Hamburg, on March 26th 1999
by Dipl.Ing. Helmut Gassner
6800 Feldkirch, Austria
How a runaway Austrian gets to meet the Dalai Lama is a story most of us probably know from the wonderful account of “Seven Years in Tibet.” But how a run-of-the-mill Austrian like myself got to meet the Dalai Lama is no doubt a tale of considerable less fascination. While I was studying electrical engineering at the Federal Institute of Technology in Zürich, I was introduced to a lady who had known Tibetan Lamas in India in the 1960′s. She spoke of Lama Thubten Yeshe and Zopa Rinpoche time and again as well as of their teacher, Venerable Geshe Rabten, who was able to explain Buddhism with unequalled clarity and forcefulness and who really understood Westerners and their ideas.
After Geshe Rabten escaped from Tibet, the Dalai Lama chose him and Lati Rinpoche from among a select group of candidates to become one of his advisers on philosophical issues. Upon the Dalai Lama’s express wish, Geshe came to Switzerland as Abbot of Rikon Monastery, near Winterthur. After I graduated from the Institute of Technology, I moved to Rikon to learn Tibetan and to study Buddhist philosophy, debate and meditation under Geshe’s guidance. In 1978, Geshe Rabten was invited by a group of Geshe Zopa, a Tibetan who teaches at the University of Wisconsin at Madison, and to my great joy, I was allowed to accompany Geshe. At that conference there was another most impressive Lama from India, Zong Rinpoche, also giving teachings and initiations. It was from him I received, together with two other people, Dorje Shugden empowerment. I had never heard of Dorje Shugden before, even though I was studying Buddhism intensively and making good progress with my Tibetan. After the empowerment, Geshe gave us some words of advice. He said:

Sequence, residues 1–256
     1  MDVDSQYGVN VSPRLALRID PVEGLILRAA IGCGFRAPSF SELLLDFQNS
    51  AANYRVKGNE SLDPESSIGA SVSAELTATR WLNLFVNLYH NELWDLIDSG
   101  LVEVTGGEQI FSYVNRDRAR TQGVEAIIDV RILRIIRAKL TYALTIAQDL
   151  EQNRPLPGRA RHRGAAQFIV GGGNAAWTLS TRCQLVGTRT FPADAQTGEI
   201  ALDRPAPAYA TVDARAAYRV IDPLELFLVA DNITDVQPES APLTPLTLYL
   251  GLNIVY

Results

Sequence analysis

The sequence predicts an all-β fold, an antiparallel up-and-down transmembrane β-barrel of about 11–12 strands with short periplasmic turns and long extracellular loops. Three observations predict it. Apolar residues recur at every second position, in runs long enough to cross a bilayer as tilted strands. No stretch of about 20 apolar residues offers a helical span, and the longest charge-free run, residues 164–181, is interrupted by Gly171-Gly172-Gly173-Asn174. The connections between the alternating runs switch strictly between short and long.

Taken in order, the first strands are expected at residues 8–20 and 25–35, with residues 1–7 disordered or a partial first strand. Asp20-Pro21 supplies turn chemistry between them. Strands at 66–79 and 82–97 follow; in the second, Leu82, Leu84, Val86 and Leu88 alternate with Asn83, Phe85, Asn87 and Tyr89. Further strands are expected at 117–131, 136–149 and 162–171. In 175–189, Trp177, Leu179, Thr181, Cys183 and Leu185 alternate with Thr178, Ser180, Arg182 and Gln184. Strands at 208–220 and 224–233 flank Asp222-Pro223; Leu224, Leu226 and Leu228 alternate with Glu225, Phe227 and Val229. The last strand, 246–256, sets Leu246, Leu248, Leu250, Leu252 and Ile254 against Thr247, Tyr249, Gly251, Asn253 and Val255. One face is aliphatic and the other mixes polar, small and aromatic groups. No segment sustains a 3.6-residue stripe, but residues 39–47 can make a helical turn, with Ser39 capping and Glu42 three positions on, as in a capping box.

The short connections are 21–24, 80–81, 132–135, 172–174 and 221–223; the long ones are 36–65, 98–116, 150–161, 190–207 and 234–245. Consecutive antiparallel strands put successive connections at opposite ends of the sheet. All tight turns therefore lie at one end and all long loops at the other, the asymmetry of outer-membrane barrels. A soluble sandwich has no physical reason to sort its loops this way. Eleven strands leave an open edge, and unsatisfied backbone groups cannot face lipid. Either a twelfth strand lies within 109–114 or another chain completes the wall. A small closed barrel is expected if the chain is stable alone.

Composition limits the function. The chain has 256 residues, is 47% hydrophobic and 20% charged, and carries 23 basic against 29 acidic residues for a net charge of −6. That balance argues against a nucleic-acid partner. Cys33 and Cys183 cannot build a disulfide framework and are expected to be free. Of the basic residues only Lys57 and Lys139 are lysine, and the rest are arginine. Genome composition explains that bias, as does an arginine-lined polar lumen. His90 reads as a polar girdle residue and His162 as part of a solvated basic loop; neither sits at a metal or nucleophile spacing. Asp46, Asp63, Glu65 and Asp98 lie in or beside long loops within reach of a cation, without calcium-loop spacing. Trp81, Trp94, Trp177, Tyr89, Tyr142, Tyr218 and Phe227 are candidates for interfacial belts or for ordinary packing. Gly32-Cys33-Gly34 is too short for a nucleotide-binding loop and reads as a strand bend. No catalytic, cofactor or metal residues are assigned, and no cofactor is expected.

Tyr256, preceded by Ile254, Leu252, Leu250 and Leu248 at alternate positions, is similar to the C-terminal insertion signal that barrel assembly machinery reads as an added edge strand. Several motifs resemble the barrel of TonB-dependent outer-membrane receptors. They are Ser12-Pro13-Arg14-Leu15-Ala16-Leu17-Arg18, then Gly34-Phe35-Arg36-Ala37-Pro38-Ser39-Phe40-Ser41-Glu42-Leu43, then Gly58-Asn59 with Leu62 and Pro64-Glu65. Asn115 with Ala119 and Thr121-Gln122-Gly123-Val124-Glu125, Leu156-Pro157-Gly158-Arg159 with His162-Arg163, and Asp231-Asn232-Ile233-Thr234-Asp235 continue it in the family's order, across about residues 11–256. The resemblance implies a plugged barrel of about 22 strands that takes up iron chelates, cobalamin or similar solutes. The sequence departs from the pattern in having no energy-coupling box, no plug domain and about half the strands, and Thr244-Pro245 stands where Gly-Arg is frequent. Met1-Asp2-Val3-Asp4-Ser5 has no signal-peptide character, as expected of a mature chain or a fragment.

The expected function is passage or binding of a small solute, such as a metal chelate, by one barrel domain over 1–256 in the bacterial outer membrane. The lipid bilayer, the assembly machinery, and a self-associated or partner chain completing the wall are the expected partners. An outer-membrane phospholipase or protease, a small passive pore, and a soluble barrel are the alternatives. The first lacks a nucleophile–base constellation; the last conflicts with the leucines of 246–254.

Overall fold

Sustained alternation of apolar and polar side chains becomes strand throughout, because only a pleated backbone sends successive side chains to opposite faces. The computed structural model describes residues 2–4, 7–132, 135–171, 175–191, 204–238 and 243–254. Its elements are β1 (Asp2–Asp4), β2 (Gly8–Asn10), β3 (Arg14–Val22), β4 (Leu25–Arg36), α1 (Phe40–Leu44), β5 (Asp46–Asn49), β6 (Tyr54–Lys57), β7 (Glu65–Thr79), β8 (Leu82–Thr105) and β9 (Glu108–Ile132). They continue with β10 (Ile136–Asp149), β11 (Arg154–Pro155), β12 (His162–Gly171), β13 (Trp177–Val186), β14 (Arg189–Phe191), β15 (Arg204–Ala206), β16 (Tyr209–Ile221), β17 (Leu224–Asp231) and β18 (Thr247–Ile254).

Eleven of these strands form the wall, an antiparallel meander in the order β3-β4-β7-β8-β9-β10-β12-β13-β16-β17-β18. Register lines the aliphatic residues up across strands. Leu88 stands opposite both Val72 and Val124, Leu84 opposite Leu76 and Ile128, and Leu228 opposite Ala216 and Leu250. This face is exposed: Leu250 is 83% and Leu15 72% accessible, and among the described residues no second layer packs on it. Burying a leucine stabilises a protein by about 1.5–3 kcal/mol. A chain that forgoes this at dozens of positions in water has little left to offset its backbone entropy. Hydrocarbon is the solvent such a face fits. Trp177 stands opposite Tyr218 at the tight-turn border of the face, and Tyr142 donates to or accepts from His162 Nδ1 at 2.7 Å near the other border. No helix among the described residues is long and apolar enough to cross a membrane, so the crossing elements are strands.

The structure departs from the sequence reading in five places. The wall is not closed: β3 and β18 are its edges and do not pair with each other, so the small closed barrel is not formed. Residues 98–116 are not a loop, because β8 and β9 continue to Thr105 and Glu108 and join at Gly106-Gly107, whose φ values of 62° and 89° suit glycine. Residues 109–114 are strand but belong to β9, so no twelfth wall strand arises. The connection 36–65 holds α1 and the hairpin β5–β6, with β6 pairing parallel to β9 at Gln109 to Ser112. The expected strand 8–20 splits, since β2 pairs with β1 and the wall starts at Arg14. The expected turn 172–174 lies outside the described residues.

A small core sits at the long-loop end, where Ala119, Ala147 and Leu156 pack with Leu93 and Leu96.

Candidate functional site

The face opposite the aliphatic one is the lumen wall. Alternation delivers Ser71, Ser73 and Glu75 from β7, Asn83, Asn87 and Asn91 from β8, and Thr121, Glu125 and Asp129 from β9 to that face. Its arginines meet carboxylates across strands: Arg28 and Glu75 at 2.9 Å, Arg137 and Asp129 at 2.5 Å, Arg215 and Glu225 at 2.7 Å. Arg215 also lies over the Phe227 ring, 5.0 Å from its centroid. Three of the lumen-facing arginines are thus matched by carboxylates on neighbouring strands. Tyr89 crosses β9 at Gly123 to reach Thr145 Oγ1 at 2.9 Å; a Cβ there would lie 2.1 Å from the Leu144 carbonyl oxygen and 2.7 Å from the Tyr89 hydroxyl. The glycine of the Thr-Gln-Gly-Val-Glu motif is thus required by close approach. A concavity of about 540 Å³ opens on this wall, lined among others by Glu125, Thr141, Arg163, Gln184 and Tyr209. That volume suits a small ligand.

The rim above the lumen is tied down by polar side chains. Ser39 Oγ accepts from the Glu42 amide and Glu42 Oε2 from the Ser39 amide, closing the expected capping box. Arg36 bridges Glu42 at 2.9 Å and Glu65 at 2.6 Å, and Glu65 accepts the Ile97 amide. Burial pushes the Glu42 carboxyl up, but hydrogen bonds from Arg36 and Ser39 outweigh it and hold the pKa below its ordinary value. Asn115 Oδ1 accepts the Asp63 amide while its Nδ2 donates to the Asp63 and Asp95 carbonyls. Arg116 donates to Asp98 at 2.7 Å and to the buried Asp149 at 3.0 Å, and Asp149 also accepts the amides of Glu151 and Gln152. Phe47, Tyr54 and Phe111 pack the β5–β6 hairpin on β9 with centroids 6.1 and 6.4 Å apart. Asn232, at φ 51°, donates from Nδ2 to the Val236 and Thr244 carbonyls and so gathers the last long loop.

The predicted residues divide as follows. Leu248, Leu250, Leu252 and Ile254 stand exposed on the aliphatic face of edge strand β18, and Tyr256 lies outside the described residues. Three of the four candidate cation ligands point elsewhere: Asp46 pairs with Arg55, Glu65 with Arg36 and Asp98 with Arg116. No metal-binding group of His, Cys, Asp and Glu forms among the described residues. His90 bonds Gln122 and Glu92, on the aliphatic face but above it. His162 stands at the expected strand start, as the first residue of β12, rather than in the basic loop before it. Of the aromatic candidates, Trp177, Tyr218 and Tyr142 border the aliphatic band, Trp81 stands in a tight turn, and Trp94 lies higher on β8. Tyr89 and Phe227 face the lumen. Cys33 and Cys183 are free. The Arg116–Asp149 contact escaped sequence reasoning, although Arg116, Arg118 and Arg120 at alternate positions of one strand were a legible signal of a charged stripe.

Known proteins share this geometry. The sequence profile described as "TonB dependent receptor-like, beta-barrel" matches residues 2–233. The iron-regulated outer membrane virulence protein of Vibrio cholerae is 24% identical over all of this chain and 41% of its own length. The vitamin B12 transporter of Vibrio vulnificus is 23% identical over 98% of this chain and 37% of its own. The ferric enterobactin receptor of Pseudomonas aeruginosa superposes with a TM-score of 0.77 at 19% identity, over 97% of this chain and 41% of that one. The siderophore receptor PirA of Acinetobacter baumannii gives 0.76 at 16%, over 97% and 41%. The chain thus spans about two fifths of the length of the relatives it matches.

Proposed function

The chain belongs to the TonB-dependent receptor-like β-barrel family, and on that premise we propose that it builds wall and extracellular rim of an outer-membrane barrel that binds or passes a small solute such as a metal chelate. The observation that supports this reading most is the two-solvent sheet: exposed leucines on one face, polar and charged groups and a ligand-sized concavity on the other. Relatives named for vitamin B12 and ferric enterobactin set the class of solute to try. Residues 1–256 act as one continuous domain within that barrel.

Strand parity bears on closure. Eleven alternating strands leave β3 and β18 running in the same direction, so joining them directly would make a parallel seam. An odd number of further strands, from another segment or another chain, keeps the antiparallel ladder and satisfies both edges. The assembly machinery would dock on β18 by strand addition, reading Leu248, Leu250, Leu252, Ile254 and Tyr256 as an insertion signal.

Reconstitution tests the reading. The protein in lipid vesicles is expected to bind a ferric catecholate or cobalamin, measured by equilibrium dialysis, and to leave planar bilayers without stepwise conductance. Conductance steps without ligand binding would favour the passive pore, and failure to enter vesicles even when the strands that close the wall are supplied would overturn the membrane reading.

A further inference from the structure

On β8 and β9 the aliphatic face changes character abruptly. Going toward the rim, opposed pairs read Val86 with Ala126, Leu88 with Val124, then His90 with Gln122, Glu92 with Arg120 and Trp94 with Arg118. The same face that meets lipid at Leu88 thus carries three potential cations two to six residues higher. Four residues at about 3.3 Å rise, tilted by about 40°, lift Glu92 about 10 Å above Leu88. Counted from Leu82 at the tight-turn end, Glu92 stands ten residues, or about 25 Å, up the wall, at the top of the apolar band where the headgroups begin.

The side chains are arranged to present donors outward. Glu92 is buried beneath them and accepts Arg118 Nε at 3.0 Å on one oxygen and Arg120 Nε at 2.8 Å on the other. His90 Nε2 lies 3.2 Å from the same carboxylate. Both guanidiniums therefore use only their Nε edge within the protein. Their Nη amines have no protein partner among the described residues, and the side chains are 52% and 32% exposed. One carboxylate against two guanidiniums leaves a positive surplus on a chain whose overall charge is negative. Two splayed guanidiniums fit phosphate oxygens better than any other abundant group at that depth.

This manifestation of the Buddha has no equal. If you are determined to tame your mind, then he will even give you his heart in order to help you.
Geshe extended an invitation to His Holiness the Dalai Lama to come to Switzerland in the summer of 1979 to give teachings at his center in Mt. Pèlerin overlooking lake Geneva. We students helped prepare this event which about one thousand people attended. These were the first public teachings His Holiness gave to a large audience in the West.
It was also the first time that I was asked to be a relay interpreter from English to German for His Holiness.
Scared by the importance of the task, I remembered Geshe’s words after the empowerment in the U.S. and the lines of praise among the prayers to Dorje Shugden, “by merely remembering you, all outer and inner obstacles are cleared…… I offer praise to you, guardian of the Buddha Dharma.” Receiving all the help I had wished for, I managed to convey the Dalai Lama’s impressive address without too many distortions.
In 1980, Lama Yeshe, a well known disciple of Geshe Rabten’s extended further invitations to His Holiness, which caused to make the Dalai Lama more widely known in the West. In 1981, His Holiness was invited to Hamburg by Geshe Thubten Ngawang, also one of Geshe Rabten’s disciples. It was the first time I interpreted directly from Tibetan into German.
During those years I frequently accompanied Geshe on his trips and had the opportunity to meet many important personages, among them Kyabje Trijang Rinpoche, the Junior Tutor of His Holiness the Dalai Lama. Trijang Rinpoche was in many ways one of the most important figures of his time. In the fifties, he was the power behind His Holiness, a pillar of strength in the difficult and troubled times for the Tibetan people. This fact was well known to the Communist Chinese and so Trijang Lobsang Yeshe became their main enemy. It was also Trijang Rinpoche who taught His Holiness the Dalai Lama the concepts of Buddhism as well as the understanding of politics and mastering social skills. I also had the opportunity to meet Kyabje Ling Rinpoche, His Holiness’ Senior Tutor, and served as his driver. These two Tutors of His Holiness were direct disciples of the great Pabongka Dechen Nyingbo. It is said that when Pabongka Rinpoche gave Dharma discourses many in the audience gained profound insights into the failings of our worldly concerns to develop the lasting determination to exchange the constant quest for honor, praise, well-being and gain with sincere aspiration, kindness and concern for others.